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To detect traces of alien life, try to find their footsteps. The first signs of life on another planet may not be a complex signal captured by an antenna or images of a scampering creature on an alien horizon, but a track left in long-dried mud.

On Earth, palaeontologists study traces left behind when an organism interacts with its environment. A team led by Andrea Baucon at the University of Modena, Italy, suggests that astrobiologists should follow suit and search not just for living and fossilised creatures, but also the traces they may have left behind.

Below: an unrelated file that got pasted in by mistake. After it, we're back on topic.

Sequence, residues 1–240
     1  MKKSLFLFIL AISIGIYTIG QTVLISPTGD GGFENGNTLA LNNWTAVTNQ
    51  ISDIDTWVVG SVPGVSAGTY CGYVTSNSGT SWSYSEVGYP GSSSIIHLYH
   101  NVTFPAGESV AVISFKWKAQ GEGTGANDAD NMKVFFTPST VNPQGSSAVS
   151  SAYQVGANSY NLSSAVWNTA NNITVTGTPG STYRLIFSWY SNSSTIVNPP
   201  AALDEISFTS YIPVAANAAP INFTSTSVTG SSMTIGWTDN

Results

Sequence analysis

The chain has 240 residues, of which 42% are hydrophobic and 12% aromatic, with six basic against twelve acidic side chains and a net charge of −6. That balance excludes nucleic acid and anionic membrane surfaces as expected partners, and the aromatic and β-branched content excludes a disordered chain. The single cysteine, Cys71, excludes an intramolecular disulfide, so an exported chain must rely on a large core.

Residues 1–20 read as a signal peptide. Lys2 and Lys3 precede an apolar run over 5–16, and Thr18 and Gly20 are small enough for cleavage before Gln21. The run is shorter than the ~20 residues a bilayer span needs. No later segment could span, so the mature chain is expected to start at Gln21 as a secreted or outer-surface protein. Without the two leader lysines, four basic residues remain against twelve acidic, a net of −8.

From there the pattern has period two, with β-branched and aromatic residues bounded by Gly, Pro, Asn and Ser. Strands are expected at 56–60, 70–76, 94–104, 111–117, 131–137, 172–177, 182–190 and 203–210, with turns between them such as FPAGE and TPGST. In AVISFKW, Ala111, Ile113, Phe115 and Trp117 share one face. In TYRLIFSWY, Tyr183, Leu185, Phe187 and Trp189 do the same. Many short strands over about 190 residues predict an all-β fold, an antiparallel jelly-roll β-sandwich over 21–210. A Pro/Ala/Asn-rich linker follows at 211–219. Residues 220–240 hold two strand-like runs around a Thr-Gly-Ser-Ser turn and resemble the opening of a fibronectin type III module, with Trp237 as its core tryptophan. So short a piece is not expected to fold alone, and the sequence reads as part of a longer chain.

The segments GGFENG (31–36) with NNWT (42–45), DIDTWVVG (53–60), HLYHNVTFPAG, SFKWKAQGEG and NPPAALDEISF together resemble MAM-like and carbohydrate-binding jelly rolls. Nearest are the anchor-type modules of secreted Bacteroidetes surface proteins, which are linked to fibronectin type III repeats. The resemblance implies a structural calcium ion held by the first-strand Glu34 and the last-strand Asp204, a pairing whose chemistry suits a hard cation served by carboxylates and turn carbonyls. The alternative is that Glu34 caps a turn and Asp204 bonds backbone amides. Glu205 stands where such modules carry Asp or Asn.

“You have a heck of a lot more chance of finding the trace of an organism than you do the actual organism itself,” says Lisa Buckley, a palaeontologist at Peace Region Palaeontology

Research Centre in British Columbia, Canada. “One animal will leave countless traces in its lifetime, but it’s only ever going to leave one body fossil.”

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Category: Science